According to the World Health Organisation, at least 20% of the world’s children and adolescents have mental disorders or problems. According to surveys conducted in India, it is estimated that at least 20% of the entire population will suffer from various kinds of mental illnesses at least once during their entire life span. In fact, it is predicted that mental health issues will soon be the single largest cause for loss of productivity in organisations.
While this is one side of the story, the flipside is that the number of qualified mental health professionals in the country is abysmally low. Surveys reveal that are only 4,500 to 6,000 psychiatrists in the entire country! Considering that most of these professionals are based in Tier 1 and at best a few in Tier 2 cities, there is definitely a huge gap in the demand and supply with respect to mental healthcare. While there are various institutes that offer solutions for mental illnesses of various kinds, research in the mental healthcare sector showed that the fundamental issue was the lack of access to knowledge about mental health illnesses.
In order to cater to this critical problem, a not-for-profit organisation called White Swan Foundation for Mental Health was established in 2014. “It is crucial that common people are empowered with knowledge so that they can take the right decisions when faced with a mental health issue” says Manoj Chandran, chief executive officer, White Swan Foundation.
Creating knowledge and awareness is all the more important due to the huge social stigma attached to mental health illnesses. In fact, a recent survey by National Institute of Mental Health and Neurosciences (NIMHANS) showed that 85% of the people with mental health problems do not seek help. Given that this cycle of self-denial, struggling and coping with the problem is a vicious one, knowledge dissemination to all stakeholders is of paramount importance. The prime focus of the White Swan Foundation is offering knowledge services in the area of mental health.
The team at White Swan is actually a group of dedicated communication professionals who collaborate with organisations and individuals to create the best-in-class knowledge on mental health. The key differentiating factor is the involvement of all stakeholders which includes the person affected, the caregiver and the society at large.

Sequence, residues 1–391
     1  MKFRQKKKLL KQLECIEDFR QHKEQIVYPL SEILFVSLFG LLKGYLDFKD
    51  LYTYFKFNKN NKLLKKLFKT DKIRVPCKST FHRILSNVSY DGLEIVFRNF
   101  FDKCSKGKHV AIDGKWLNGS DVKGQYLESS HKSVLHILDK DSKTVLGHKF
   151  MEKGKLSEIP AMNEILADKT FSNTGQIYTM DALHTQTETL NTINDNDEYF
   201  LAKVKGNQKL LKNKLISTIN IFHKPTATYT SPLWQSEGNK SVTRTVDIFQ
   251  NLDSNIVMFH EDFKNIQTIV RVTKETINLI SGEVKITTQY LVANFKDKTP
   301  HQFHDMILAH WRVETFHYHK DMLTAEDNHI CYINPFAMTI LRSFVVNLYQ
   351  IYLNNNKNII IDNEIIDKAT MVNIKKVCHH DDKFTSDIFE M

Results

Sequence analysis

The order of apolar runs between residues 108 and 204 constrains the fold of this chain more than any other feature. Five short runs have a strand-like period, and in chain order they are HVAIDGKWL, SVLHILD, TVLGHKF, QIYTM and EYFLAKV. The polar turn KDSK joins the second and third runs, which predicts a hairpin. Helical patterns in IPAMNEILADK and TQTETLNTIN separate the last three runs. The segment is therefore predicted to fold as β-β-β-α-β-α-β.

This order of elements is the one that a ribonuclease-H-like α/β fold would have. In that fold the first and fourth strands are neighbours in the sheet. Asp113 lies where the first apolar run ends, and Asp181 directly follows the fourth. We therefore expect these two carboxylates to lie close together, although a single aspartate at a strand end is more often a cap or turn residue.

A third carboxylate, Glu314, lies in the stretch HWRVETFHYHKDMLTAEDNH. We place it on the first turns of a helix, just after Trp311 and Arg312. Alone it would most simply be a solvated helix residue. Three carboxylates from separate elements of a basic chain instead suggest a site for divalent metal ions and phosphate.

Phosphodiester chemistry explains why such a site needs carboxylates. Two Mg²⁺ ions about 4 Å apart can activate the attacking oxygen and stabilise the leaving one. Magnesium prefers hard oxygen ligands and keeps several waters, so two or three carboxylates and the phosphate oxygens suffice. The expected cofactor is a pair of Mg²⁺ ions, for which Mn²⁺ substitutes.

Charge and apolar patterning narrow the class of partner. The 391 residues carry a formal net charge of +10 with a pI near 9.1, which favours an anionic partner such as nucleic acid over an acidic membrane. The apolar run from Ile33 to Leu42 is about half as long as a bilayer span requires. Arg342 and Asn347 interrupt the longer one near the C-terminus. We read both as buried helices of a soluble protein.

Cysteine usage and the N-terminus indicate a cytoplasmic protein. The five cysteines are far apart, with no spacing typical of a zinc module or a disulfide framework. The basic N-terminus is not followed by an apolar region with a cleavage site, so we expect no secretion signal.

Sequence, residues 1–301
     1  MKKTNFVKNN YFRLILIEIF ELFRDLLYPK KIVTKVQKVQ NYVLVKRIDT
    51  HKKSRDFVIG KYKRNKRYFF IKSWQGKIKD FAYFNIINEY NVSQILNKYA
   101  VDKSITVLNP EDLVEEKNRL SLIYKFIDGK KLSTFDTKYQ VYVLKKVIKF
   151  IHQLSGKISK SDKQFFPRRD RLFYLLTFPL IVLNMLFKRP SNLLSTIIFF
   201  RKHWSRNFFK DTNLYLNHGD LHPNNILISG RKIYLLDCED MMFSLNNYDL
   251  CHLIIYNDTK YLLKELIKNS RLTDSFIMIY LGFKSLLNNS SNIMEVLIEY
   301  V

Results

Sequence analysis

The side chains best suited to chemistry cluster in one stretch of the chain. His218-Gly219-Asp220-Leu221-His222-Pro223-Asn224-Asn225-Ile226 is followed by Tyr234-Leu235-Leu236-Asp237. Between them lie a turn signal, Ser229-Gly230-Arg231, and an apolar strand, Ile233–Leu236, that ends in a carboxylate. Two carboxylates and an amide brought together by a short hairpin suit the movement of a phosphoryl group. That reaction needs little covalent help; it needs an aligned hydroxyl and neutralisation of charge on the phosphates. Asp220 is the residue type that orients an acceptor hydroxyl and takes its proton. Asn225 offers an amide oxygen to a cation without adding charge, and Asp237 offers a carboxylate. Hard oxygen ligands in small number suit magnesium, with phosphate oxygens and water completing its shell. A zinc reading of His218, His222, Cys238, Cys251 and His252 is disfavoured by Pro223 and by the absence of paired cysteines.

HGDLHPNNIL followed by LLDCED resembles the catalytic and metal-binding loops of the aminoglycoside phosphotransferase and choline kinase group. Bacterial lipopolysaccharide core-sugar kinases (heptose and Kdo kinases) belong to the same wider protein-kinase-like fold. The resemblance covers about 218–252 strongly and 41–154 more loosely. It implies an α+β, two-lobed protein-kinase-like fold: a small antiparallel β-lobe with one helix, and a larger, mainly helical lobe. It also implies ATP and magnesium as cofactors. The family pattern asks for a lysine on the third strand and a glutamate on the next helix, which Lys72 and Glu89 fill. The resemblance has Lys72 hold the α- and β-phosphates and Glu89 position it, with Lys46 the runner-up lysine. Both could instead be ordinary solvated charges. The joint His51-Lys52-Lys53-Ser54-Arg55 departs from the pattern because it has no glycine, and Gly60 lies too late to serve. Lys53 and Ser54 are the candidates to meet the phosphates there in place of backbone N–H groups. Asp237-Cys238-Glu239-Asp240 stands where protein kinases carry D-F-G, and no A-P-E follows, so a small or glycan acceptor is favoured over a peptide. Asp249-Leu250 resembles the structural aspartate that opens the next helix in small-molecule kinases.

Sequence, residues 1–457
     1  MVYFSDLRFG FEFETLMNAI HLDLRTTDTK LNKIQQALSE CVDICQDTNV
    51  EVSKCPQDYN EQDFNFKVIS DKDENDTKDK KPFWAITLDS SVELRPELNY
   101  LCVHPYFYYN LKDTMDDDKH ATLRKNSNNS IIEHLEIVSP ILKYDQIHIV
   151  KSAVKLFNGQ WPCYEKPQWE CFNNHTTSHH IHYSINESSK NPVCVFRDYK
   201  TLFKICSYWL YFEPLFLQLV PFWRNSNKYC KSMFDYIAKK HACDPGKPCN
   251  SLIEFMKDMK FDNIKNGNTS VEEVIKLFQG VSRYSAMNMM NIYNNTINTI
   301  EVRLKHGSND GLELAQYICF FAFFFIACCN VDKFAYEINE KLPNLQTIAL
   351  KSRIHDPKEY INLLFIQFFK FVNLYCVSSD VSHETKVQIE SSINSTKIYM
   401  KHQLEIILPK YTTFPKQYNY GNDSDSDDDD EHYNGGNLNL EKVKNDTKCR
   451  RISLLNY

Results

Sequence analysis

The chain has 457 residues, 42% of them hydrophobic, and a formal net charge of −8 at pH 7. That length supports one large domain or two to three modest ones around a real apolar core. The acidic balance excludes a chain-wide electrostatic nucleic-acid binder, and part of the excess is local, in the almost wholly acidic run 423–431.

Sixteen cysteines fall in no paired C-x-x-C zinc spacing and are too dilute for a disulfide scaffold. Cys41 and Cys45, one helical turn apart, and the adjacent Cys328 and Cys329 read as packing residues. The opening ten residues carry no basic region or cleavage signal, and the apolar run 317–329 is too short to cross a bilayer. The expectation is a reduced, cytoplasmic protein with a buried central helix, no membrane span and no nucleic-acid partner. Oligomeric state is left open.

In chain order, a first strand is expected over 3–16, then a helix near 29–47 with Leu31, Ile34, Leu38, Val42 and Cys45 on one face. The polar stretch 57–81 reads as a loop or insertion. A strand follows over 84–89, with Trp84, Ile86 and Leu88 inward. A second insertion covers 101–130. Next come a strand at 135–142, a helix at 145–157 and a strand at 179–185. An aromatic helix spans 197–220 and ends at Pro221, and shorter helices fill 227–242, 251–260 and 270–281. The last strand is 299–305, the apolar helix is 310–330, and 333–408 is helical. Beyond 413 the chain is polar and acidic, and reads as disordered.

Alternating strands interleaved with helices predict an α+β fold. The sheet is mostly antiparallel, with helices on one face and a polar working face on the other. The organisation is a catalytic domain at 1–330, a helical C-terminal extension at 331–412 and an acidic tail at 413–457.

According to Manoj, the latter is extremely important as the right attitude of the society towards such patients is vital to the resolution of the problem. The team partners with organisations like NIMHANS, medical professionals, patients, caregivers and relatives to create content that is not just restricted to the clinical or physiological aspects. By also focusing on the sociological aspects, White Swan’s unique communication of the knowledge complements the work of the actual service providers.
The medium of communication is their website. It is a treasure house of content in various forms like stories, cartoons, videos and infographics. It has over 600 pieces relating to mental health. Apart from English, content is also available in Hindi, Kannada, Bengali, Tamil and Malayalam.
In an attempt to educate the general public, the foundation works with a number of colleges, students, teachers and other non-profit organisations. They also conduct classes, create communication campaigns. Afterwards, feedback is solicited from these stakeholders. This way an awareness and a positive attitude are built around the importance of mental health. Since this is also a personal subject, White Swan has created an independent platform called Moving Minds to create an element of openness while talking about such issues.
Through this, the organisation uses tools like storytelling to encourage public participation. “We do these events monthly and have tackled topics like ‘Migration and Mental Health’. These sessions are interactive and also see participation from professionals who are available to answer the questions” says Manoj.
It is indeed an innovative mechanism and they recently did an event in collaboration with Yakshagana performers to throw light on suicide.